S. 4475 directs the Secretary of the Interior to convey approximately 4,800 acres managed by the BLM to La Paz County as soon as practicable after receiving a request from the county to convey the land. The conveyance shall be subject to valid existing rights and such terms and conditions as the Secretary determines to be necessary, and the lands would be withdrawn from mineral entry. The Secretary is required to exclude from the conveyance any Federal land that contains significant cultural, environmental, wildlife, or recreational resources.
The bill requires La Paz County to pay fair market value for the land based on an appraisal conducted using uniform appraisal standards, as well as all costs related to the conveyance, including all surveys, appraisals, and other administrative costs. The proceeds from the sale of the land shall be deposited in the Federal Land Disposal Account and used in accordance with the requirements of the Federal Land Transaction Facilitation Act.
As a condition of the conveyance, La Paz County and any subsequent owner of the conveyed land is required to make good faith efforts to avoid disturbing tribal artifacts. If tribal artifacts are disturbed, La Paz County is required to minimize impacts to the artifacts and allow tribal representatives to rebury artifacts at or near where they were discovered. La Paz County is also required to coordinate with the Colorado River Indian Tribes Tribal Historic Preservation Office to identify artifacts of cultural and historic significance.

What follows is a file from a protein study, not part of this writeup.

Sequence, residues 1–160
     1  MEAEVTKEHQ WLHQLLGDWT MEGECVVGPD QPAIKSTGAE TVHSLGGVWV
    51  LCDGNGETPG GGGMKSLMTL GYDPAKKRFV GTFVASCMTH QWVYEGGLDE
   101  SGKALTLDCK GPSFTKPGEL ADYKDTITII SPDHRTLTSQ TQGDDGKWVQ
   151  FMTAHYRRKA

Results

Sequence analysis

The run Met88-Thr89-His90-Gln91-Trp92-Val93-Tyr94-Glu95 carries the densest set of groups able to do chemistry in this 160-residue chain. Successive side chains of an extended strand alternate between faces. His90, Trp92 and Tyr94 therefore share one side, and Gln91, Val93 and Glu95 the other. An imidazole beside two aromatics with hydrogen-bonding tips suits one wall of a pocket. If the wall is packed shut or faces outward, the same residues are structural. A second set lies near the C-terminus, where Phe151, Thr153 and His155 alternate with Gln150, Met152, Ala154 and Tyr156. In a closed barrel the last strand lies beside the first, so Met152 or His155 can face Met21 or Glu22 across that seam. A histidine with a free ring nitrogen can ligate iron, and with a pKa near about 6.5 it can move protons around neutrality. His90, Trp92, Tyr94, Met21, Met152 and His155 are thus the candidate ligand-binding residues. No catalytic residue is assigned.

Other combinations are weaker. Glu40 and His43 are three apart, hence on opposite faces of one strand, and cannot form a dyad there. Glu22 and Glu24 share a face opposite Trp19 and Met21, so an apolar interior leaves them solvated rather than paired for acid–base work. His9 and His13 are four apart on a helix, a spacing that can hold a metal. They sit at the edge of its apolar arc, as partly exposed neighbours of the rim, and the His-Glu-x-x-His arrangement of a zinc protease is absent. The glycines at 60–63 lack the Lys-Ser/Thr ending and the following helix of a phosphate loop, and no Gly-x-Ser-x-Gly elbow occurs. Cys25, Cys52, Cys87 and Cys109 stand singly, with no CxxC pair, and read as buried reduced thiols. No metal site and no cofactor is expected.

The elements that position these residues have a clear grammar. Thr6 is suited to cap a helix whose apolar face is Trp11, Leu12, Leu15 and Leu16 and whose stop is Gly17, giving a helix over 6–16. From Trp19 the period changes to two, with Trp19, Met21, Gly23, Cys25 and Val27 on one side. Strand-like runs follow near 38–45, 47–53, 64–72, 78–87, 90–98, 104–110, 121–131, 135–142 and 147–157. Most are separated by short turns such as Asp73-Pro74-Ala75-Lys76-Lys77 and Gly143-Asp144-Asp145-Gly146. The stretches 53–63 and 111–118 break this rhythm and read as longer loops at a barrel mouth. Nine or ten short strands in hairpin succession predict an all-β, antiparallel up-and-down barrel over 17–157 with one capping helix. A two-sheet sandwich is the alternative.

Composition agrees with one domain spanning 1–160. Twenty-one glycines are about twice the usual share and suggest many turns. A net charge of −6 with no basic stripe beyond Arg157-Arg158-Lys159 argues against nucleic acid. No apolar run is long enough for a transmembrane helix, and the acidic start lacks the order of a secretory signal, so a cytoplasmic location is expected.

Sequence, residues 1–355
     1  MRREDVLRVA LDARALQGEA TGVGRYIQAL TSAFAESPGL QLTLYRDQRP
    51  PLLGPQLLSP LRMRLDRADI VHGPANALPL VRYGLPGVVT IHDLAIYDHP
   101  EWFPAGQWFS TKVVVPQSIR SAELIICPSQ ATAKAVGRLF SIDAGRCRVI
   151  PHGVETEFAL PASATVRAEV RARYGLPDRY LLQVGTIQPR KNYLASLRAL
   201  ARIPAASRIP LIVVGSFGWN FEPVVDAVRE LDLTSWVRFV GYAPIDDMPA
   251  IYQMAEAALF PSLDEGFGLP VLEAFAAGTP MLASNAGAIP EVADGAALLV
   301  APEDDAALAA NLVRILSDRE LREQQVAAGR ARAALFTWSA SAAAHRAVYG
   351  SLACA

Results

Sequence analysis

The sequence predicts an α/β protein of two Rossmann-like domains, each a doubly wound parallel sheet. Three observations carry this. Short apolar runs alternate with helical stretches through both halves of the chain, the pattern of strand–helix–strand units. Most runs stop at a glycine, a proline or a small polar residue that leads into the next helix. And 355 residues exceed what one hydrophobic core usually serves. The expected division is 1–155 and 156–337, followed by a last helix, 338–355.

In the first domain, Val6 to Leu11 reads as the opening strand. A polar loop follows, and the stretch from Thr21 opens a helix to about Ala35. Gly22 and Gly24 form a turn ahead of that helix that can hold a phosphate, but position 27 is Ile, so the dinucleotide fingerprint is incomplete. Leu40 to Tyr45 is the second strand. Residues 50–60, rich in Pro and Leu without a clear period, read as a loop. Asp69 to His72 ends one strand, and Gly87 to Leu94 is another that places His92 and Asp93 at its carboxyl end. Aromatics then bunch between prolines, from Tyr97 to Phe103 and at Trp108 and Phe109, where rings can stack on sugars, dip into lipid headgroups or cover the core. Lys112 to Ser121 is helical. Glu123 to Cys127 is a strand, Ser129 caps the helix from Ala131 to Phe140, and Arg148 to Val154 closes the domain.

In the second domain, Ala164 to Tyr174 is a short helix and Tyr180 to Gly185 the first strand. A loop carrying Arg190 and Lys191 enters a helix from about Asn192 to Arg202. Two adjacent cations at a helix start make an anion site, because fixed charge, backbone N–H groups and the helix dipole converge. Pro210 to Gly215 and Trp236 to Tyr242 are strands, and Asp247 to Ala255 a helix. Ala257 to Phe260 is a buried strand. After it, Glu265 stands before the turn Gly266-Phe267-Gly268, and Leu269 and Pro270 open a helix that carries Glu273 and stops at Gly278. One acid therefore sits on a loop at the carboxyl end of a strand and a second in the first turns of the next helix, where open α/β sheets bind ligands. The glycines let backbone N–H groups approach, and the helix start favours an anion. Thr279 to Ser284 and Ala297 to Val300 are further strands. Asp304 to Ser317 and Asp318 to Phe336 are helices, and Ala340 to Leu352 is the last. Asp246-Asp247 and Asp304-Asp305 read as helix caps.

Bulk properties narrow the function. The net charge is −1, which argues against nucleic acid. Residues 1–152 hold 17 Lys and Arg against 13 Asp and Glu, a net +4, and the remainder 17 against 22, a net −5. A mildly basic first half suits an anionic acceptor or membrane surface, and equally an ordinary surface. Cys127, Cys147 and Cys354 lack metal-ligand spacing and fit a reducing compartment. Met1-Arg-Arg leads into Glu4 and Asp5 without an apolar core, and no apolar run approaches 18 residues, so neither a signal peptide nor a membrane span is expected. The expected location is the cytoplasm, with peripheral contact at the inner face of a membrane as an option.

The BLM is supportive of protecting known resources as part of its multiple use mission, but would like to work with the sponsor to clarify the scope of the resources to be excluded from the lands to be conveyed and ensure the exclusionary language is tailored to align with the sponsors’ goals. The BLM also would like to work with the sponsors to develop a new official legislative map of the proposed conveyance to La Paz County, including land status, to be referenced in S. 4475.
The Department is committed to continuing its adherence to the Uniform Appraisal Standards for Federal Land Acquisition and Uniform Standards of Professional Appraisal Practice and appreciates the sponsors including these provisions in the bill. The BLM notes that there are several actions that may be required before the BLM can convey public lands, such as environmental assessments and cultural, biological, and cadastral surveys. The BLM is also aware of possible range improvements present that may need to be compensated for in compliance with the grazing laws and regulations, in addition to the assessment and survey work required for conveyance.
Thank you for the opportunity to present the Department’s views on S. 4475. We look forward to working with the sponsors and the Committee on the legislation as it moves forward. I would be happy to answer any questions that you may have.